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a kids couch with cushion and soft toys on it


Breathe new life into an old cot with this easy and fun D.I.Y. upcycling project. With a few power tools, you can create a cute kids’ couch or cosy reading nook in no time. There’s even a handy built-in shelf to provide extra storage for your home.

Safety tip: Always wear the appropriate safety equipment (safety glasses, ear muffs, gloves and a mask, for example) and always follow the instructions for the product or equipment. Always store products out of the reach of children and pets and always work in a well-ventilated area when working with spray paint.


1Prepare the cot and take measurements

Remove the front gate of the cot with attached brackets. Adjust the slatted base to the highest position in the frame. Next, measure between the uprights to find the length of the front rail and shelf slats, and from the ground up to the base for the back supports.

Green Bunnings hammer
Tip: The front rail and slats for this cot are 1197mm; back supports are 389mm.
Wooden cot with front gate removed

2Cut and sand supports

From 90mm x 18mm pine, use a mitre saw to cut a front rail, three slats and two back supports for the kids’ sofa. Smooth with 180-grit abrasive paper to remove breakout from the cuts and round over the edges slightly.

Piece of timber being cut with mitre saw

3Start securing the front

On the outside of the front uprights, mark 20mm and 70mm up from the slatted base, then predrill through the centre with a 3mm bit and countersink with a 10mm bit. Apply adhesive to the front rail edges, position and secure with 40mm screws. Secure through the rail into the base using a nail gun with 35mm brad nails.

Hand joining two pieces of timber together with nails to form base of couch

4Add more support 

Position the back supports under the slatted base, equal distance from the ends. Predrill and countersink through the back of the frame, apply adhesive to the supports and secure with 30mm screws. At the top, secure through the base into the supports with 50mm brad nails.

Close up shot of back support under cot behind wooden rails

5Fit a slat at the back of the cot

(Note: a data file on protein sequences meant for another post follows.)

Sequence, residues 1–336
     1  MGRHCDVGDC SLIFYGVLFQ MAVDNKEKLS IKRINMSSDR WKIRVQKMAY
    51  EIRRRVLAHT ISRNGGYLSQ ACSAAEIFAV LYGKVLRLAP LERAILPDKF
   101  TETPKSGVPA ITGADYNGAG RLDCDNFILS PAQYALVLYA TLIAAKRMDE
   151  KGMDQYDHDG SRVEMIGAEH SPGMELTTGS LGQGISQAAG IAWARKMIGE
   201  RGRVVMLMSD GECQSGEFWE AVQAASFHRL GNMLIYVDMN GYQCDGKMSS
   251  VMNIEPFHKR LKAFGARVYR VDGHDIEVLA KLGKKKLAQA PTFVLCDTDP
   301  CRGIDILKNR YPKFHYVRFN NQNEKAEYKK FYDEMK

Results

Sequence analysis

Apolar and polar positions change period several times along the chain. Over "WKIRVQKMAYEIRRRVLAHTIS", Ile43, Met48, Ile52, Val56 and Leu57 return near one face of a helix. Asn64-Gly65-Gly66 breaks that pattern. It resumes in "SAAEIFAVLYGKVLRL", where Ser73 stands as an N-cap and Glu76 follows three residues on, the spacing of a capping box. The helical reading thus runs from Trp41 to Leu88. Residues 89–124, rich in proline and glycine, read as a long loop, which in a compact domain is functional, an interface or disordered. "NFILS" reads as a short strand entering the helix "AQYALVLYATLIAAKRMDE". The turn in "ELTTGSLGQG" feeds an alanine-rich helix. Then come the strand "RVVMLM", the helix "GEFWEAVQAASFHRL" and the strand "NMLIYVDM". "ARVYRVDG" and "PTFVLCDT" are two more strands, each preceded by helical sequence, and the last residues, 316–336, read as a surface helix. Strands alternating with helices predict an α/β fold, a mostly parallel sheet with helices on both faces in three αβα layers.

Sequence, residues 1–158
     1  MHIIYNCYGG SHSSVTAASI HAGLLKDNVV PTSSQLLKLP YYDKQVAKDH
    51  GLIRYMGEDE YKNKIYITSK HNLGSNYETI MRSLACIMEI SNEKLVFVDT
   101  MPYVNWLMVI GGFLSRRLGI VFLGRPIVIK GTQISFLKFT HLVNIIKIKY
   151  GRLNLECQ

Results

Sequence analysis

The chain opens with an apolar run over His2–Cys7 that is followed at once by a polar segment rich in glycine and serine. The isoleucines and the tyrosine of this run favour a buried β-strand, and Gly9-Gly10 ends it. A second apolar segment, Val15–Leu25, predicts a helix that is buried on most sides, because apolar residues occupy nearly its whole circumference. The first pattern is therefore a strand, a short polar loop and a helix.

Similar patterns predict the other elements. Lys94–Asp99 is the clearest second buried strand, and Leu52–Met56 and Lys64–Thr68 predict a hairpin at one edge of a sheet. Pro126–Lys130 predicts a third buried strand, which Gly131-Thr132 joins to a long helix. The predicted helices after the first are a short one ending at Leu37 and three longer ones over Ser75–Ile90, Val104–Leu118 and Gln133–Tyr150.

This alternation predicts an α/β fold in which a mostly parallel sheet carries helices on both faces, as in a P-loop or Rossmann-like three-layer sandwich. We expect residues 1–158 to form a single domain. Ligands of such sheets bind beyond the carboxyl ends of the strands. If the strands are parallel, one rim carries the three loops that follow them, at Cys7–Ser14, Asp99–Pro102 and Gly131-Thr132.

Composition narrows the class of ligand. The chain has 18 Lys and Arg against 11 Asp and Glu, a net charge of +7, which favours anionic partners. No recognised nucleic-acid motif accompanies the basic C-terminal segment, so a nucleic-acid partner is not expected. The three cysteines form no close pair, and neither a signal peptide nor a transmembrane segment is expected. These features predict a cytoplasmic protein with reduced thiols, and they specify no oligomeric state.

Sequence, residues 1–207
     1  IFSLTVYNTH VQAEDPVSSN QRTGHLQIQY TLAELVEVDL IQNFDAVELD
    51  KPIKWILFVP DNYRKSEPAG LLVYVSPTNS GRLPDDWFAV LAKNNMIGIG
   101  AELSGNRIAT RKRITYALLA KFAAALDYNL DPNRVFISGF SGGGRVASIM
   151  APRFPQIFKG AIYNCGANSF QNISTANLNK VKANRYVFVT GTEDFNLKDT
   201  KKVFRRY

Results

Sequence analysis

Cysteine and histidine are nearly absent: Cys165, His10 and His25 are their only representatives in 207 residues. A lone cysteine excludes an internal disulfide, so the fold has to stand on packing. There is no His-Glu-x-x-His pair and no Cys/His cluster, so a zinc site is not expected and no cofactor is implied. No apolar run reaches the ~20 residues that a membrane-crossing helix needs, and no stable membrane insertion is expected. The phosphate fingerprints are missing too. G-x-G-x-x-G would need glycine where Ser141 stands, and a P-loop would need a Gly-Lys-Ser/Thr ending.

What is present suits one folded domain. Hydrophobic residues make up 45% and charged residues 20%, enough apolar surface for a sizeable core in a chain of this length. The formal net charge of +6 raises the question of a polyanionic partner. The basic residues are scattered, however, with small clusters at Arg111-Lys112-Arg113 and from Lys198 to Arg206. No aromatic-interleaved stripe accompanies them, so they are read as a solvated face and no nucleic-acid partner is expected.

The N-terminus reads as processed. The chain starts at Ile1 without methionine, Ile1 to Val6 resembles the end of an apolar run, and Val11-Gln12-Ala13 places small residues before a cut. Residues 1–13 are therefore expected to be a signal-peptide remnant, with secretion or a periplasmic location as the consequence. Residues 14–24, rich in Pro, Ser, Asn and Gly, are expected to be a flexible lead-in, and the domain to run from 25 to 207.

Position a slat at the back, flush with the bottom of the frame and against the back supports. From the outside and on both sides, mark 20mm and 70mm from the back uprights, 10mm up. Predrill and countersink, apply adhesive, then position and secure with 40mm screws.

Wooden slat attached to bottom of frame and back supports with nails

6Add a slat to the cot front 

To install the front slat, mark 20mm and 70mm from the front upright on both sides of the frame, 10mm up. Predrill and countersink, apply adhesive, then position and secure with 40mm screws. Centre the middle slat and repeat to predrill and secure.

Green Bunnings hammer
Tip: Adding a timber shelf reinforces the piece’s structure and creates room for storage.
Person using ruler to measure slat of wood on cot

7Use timber filler

Fill all screw holes with timber filler, leave to dry and sand flush. Wipe all over with a damp cloth to remove dust. Mask over any parts of the cot that aren’t timber, position it on sawhorses and prepare the area with a drop sheet.

Cot positioned on sawhorse, outdoors,  being left to dry

8Spray the cot with primer and paint

Pour primer into a paint sprayer and lightly coat all over, flipping the cot upside down to coat the underside. Leave to dry. Clean the spray gun and fill with paint. Beginning with the cot upside down, lightly apply two coats all over, leaving to dry after each coat.

Hand painting cot flipped upside down spray gun

9Complete the upcycling with cushions and a cot sheet 

Cover the cot mattress in a fitted cot sheet and stitch ties to matching pillow covers to attach to the frame.

Green Bunnings hammer
Tip: If you have a sewing machine, make a new mattress cover and cushions from a curtain, as we did here.
Finished kids cot, painted pink with open book on seat

10Keep in mind…

  • You may require a hex key or hex head bit to remove the front gate of the cot.
  • Although this cot frame has been reinforced, it’s not suitable for adults or children weighing more than 30kg.
  • When using a nail gun, wear eye protection and ensure the nose is flat against the piece before pulling the trigger.
  • Paint colours may vary on application.
  • Timbers vary by region; contact your local store for further information.

11Make your nook extra cosy

Check out our range of cushions and throws.

Photo Credit: Sam Van Kan, Belinda Merrie

Health & Safety

Please make sure you use all equipment appropriately and safely when following the advice in these D.I.Y. videos. You need to be familiar with how to use equipment safely and follow the instructions that came with the equipment. If you are unsure, you may feel it is safest to consult an expert, such as the manufacturer or an expert Bunnings Team Member.

Grave health hazards are linked to asbestos, which may be in homes built up to 1990. Health hazards may result from exposure to lead-based paints in older materials and copper chromium arsenic (CCA) treated timber. For information on the dangers of asbestos, lead-based paint and CCA treated timber and tips for dealing with these materials contact your local council's Environmental Health Officer. You can also use a simple test kit from Bunnings to indicate the presence of lead-based paint.